Our latest installment in the Antarctic co-op series from student Eileen Sheehan is a video of her and her Northeastern classmate Urjeet Khanwalkar feeding the red-blooded rock-cod N. coriiceps at Palmer Station. Here’s what she had to say about the process:
Here Urjeet Khanwalkar and I attempt to demonstrate in our aquarium room on May Day how N. coriiceps will counter-rotate with one another when feeding. By holding the fish filets, we can simulate being another fish holding on to prey. While I let go too quickly, and managed to pull the fish a bit out of the water, Urjeet did a great job at showing us how the fish manages to turn its body in the water while latching on to the food. In the background you can hear our videographer, Yinan Hu from UMass Amherst, make a couple comments about the movements of the fish.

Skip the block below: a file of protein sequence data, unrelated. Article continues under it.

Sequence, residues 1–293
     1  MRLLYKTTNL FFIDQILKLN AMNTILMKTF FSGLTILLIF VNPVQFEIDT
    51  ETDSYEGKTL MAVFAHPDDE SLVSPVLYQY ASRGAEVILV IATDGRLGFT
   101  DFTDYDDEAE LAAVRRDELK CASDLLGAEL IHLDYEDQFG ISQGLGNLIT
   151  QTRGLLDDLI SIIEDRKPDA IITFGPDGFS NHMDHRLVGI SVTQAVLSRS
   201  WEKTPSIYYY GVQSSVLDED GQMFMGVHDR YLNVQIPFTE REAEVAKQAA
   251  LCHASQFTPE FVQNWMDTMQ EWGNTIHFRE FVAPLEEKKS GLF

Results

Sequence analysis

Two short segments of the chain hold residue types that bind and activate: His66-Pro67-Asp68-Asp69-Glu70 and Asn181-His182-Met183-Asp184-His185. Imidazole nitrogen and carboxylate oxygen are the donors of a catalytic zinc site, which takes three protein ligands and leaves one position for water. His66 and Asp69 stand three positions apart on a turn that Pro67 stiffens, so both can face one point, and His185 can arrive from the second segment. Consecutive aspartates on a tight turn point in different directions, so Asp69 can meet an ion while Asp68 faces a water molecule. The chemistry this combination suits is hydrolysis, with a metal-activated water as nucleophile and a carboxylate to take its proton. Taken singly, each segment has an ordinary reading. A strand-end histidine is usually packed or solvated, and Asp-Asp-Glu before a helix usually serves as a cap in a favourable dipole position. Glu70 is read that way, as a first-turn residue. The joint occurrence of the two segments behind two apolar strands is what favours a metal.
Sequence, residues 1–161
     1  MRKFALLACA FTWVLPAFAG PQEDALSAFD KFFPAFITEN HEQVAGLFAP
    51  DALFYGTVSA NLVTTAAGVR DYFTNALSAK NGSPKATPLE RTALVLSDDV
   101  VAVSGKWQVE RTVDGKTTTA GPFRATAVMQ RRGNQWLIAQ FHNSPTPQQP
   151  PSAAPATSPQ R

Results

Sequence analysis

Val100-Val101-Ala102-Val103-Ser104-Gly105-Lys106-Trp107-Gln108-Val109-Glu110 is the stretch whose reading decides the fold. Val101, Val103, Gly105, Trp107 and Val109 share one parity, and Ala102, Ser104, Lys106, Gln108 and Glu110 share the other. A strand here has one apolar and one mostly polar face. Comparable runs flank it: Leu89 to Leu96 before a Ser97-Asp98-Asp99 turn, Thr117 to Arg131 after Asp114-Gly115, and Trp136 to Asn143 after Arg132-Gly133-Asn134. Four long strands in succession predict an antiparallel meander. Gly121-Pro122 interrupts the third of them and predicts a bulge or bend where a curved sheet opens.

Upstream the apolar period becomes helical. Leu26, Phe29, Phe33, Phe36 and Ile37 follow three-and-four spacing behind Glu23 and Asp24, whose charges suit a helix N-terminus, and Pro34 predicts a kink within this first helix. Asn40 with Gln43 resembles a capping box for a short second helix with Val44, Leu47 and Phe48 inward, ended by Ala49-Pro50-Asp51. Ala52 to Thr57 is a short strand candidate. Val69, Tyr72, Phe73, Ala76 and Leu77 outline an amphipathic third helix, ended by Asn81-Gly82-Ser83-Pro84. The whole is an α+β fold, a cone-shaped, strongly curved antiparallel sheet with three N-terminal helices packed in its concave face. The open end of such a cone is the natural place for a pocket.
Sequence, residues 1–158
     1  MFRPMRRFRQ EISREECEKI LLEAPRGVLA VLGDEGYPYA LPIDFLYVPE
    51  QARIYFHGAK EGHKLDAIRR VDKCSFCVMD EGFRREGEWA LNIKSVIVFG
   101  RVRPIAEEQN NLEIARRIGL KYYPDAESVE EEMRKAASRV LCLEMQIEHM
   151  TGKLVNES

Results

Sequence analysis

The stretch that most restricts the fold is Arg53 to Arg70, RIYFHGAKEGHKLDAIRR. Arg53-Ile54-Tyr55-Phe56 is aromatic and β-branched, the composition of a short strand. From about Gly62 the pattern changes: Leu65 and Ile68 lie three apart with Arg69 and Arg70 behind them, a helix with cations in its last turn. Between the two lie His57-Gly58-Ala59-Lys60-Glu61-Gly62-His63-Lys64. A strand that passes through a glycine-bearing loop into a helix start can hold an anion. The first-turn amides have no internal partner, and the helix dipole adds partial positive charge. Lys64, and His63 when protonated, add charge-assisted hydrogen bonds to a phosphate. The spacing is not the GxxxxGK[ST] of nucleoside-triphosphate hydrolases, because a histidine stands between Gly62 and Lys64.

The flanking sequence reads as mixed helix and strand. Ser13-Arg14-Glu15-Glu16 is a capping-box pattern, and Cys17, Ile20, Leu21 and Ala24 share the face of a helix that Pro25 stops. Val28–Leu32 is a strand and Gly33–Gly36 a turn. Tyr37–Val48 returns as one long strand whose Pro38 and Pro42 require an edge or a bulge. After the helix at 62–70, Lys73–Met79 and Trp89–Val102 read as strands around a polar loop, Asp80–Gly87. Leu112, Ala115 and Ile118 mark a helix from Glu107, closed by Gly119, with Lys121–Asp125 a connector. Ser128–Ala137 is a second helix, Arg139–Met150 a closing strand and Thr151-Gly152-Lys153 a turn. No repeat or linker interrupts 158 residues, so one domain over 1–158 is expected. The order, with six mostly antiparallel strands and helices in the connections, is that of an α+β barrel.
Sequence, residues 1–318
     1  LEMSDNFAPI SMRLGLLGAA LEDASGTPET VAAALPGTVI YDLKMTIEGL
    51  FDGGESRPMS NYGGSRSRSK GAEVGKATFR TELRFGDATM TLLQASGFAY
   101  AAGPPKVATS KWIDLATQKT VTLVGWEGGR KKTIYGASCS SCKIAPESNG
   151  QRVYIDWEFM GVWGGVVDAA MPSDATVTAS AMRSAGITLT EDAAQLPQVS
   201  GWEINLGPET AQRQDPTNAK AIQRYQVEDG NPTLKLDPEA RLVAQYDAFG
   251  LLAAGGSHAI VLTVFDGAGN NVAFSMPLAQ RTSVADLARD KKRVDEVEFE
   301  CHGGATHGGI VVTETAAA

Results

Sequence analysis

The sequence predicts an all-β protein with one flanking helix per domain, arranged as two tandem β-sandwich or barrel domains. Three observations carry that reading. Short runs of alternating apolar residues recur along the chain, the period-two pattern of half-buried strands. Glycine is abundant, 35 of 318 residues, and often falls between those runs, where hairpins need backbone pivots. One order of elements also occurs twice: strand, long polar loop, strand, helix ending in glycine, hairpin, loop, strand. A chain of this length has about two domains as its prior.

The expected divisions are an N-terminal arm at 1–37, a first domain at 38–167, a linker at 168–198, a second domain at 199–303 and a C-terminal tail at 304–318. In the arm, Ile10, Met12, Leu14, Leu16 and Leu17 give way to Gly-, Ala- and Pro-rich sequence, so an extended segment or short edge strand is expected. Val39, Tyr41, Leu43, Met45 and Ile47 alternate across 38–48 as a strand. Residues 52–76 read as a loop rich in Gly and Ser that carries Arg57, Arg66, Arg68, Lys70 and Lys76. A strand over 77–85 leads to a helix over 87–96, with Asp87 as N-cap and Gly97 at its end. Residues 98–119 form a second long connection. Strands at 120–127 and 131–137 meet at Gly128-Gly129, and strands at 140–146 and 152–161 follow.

N. coriiceps will “fight” for the food by pulling at the pieces, in our case a fish filet, and turning their bodies in opposite directions. While the main goal is to ensure that either individual wins the prey, they actually end up helping one another. In the end, both will probably get a piece of flesh because they end up ripping it in half with their motion.